For a fun new entry into millennials are lazy, consider this: According to new data tracked down by Richard Fry for Pew Research, just 20 percent of 25- to 35-year-olds (Old Millennials, if you will) reported having lived at a different address the previous year. From a report on NYMag: In 2000, a full 26 percent of Gen-Xers -- then at the same age range -- had reported making a move in the previous year. In 1963, members of the Silent Generation moved at a 26 percent rate, too. The census data being used here doesn't include college-dorm moves prevalent with 18- to 24-year-olds, so those young'uns are left out of the analysis. The 20 percent rate is the lowest level of young adult mobility in half a century, Fry reports, and all this with millennials getting married, owning homes, and having kids less than previous generations. Student debt and less favorable lending rates may be driving down homeownership -- imagine that -- which further reduces movement. Psychologically, this also means that young adults are more stuck with their personalities and faded of memory compared with their more mobile peers.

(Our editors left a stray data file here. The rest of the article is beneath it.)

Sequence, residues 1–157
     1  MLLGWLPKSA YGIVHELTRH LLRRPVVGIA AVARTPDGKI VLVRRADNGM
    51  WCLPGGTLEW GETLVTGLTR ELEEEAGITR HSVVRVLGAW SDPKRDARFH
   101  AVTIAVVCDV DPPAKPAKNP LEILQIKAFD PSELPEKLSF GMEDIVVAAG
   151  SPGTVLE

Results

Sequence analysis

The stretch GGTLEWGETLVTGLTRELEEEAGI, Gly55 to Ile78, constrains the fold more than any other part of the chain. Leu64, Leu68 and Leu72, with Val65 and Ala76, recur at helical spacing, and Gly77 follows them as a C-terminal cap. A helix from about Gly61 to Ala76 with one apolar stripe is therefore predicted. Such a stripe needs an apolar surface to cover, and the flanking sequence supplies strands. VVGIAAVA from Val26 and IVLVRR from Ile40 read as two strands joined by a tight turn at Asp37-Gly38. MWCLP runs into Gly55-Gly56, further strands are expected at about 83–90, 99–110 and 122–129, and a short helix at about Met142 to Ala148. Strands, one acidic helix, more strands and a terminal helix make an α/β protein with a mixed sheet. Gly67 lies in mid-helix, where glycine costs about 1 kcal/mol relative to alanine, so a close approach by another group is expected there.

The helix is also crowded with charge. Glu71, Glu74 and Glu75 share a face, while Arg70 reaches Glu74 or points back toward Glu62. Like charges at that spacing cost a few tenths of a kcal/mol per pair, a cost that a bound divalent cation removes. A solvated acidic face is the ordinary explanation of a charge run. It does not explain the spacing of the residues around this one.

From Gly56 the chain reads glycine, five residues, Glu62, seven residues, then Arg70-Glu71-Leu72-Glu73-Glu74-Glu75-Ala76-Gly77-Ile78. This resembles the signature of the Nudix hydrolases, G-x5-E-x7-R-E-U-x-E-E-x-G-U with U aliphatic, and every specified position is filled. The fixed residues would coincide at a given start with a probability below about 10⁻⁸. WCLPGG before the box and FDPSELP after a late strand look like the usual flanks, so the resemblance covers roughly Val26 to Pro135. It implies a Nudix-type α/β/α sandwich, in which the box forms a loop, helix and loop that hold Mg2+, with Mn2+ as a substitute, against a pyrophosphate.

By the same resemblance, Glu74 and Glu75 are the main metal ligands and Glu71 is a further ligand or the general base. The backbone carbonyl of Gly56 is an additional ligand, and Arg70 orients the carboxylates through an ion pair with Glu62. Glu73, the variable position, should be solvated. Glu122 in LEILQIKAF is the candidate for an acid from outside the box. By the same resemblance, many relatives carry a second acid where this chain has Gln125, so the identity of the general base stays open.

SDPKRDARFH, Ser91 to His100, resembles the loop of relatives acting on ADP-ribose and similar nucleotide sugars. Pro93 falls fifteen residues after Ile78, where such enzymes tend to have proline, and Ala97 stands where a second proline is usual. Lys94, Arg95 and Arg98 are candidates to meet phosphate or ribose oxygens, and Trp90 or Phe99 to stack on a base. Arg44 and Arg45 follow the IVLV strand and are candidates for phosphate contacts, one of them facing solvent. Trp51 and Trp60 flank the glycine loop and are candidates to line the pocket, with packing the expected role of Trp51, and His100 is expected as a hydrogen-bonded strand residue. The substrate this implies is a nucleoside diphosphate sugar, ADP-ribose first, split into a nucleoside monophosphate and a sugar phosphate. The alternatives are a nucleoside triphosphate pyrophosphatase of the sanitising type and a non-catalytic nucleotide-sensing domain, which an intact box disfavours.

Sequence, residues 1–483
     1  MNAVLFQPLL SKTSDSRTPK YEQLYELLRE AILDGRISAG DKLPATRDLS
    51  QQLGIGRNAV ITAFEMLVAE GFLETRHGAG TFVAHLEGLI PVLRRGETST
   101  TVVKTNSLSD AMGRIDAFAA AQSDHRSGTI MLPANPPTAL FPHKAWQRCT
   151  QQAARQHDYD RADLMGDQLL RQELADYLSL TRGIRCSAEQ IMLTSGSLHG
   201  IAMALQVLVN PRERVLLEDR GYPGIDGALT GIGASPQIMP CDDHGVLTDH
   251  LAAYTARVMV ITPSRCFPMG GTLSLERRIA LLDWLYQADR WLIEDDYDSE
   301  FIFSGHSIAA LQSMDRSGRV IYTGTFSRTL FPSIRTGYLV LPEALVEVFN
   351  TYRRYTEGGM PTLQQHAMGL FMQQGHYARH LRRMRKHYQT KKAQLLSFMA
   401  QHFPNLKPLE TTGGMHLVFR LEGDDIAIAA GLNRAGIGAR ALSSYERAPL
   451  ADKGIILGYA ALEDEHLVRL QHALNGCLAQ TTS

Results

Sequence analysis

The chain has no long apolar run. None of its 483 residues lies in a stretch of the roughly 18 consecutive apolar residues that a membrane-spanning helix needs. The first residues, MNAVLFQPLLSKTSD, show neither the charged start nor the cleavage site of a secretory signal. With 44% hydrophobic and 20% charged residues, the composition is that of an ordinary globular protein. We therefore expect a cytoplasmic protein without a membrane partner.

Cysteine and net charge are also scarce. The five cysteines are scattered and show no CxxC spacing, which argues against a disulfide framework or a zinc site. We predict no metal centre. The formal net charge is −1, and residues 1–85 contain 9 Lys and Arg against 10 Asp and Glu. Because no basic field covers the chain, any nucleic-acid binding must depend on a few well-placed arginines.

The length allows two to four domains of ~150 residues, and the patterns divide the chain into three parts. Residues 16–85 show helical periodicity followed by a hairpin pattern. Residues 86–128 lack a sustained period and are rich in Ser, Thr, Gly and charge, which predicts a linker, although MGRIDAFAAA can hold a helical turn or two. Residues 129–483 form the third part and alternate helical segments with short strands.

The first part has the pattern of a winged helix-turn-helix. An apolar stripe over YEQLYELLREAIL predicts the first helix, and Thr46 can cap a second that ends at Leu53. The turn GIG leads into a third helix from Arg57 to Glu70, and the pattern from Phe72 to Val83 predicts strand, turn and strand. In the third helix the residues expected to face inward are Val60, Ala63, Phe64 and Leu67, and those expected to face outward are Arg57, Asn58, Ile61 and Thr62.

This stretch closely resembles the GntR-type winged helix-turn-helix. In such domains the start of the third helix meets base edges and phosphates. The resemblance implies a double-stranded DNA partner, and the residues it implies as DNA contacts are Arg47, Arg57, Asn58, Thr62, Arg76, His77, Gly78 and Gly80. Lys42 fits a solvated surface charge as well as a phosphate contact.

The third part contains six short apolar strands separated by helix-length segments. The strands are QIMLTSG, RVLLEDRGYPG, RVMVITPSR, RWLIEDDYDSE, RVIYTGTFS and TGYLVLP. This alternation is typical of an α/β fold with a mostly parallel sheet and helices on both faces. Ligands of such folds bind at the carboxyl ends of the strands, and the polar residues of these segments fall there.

Businesses

Bay Area Tech Job Growth Has Rapidly Decelerated (mercurynews.com) 161

An anonymous reader shares a MercuryNews report: Job growth in the tech industry used to zoom like a race car, but these days, hiring by this principal driver of the Bay Area's economy chugs along more like a family SUV. The technology industry's job growth in the nine-county region has dramatically decelerated, according to this newspaper's analysis of figures released by state labor officials and Beacon Economics. Tech's annual job growth throttled back to 3.5 percent, or 26,700 new jobs, in 2016. That's much slower than the 6 percent annual gain of 42,300 jobs in 2015, or the 6.4 percent gain in 2014. And while the industry's 3.5 percent growth last year is still a sturdy annual pace, Bay Area technology companies have already disclosed plans to slash about 2,000 jobs in the first three months of 2017.